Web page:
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Author nameRoleType of authorWork?Status
Sockabasin, Allen J.primary authorall editionsconfirmed
Raye, RebekahIllustratorsecondary authorall editionsconfirmed
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Amazon.com Product Description (ISBN 0884482707, Hardcover)

Little Zoo Sap and his family are moving from their summer home on the coast to the deep woods for the winter, traveling on a big bobsled pulled by big horses. When Zoo Sap falls off of the sled unnoticed, the forest animals hear his cries and come to shelter him—everyone from the tiny mouse to the giant moose to the great bald eagle—keeping him warm and safe until his father comes back to find him.

Allen Sockabasin is a Passamaquoddy who devotes much of his time to teaching and preserving the Passamaquoddy language. A master musician, he has written, performed, and recorded Passamaquoddy stories and songs. He has been a tribal governor, a member of the tribal council, and director of child welfare for his tribe, and a health educator. He is the father of five grown children and a young son named Zoo Sap.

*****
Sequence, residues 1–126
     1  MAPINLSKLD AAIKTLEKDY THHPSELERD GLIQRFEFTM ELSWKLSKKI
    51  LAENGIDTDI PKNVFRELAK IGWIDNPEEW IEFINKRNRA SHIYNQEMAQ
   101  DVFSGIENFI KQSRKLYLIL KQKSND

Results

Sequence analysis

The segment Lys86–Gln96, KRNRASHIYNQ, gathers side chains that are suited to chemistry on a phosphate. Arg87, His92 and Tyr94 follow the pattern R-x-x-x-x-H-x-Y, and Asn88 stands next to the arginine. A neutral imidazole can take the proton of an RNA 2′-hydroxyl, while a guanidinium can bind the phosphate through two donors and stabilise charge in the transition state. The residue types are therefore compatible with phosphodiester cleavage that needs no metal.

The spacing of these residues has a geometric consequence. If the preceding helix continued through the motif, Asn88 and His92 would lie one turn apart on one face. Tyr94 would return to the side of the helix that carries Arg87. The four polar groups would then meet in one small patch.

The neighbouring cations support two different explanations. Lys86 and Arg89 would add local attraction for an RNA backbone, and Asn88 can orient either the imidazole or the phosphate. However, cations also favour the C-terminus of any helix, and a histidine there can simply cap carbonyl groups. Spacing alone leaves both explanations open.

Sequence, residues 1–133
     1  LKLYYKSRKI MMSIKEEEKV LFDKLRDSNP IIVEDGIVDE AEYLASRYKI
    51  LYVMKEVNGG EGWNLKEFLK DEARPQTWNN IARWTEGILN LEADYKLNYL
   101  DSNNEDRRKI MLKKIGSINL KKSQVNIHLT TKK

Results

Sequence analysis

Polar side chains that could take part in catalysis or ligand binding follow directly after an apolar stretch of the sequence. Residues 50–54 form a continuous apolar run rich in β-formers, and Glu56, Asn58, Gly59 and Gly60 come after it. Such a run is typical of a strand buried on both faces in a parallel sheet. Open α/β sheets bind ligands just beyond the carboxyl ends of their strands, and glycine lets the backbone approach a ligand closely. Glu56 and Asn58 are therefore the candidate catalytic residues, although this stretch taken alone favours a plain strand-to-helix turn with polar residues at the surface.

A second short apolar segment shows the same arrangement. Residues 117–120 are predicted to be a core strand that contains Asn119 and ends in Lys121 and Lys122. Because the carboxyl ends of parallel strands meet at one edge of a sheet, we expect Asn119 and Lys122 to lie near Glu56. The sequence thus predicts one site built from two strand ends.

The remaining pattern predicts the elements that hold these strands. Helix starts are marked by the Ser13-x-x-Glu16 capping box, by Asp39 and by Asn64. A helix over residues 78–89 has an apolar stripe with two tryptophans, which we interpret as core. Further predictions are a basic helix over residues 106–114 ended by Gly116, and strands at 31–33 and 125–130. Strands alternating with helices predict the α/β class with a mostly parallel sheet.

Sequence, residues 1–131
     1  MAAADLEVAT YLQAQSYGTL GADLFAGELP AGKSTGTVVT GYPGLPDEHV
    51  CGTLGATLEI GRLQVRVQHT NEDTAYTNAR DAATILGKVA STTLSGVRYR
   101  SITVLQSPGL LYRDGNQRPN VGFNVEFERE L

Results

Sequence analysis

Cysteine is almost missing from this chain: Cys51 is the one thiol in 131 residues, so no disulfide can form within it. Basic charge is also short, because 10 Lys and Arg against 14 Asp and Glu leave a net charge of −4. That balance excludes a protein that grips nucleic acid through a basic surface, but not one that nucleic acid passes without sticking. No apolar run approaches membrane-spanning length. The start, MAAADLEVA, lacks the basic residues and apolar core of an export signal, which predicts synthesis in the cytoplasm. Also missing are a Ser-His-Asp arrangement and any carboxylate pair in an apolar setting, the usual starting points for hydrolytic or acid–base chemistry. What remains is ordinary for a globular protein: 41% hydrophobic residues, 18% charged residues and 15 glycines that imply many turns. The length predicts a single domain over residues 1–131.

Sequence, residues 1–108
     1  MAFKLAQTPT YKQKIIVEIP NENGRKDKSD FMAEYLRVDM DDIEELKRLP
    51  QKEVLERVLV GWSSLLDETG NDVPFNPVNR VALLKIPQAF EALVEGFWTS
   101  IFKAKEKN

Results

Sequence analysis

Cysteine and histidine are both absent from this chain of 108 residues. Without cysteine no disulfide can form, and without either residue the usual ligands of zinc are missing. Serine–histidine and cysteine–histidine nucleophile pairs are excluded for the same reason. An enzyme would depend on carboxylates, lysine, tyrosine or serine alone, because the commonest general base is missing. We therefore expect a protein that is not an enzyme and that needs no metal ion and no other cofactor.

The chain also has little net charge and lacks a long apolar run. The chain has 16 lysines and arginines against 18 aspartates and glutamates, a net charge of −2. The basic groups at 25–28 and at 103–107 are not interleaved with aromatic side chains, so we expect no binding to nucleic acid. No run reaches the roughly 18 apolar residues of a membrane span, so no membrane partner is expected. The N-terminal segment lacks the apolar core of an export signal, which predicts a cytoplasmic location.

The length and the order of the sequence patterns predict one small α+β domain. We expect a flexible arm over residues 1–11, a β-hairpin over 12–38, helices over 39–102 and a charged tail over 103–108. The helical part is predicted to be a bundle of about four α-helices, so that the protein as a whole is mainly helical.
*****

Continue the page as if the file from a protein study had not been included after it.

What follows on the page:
Rebekah Raye is an artist beloved for her bird and animal paintings and sculpture, derived from her affinity with the natural world around her at her studio in East Blue Hill, Maine. She has been interested in animals and art since she was a child in Eastern Tennessee, and now in addition to creating her own works of art, teaches workshops for children and adults.

(retrieved from Amazon Thu, 12 Mar 2015 18:07:51 -0400)

In 1900 during the Passamaquoddy winter migration in Maine, Baby Zoo Sap falls off the family bobsled and the forest animals hearing his cries, gather to protect him until his father returns to find him.

(summary from another edition)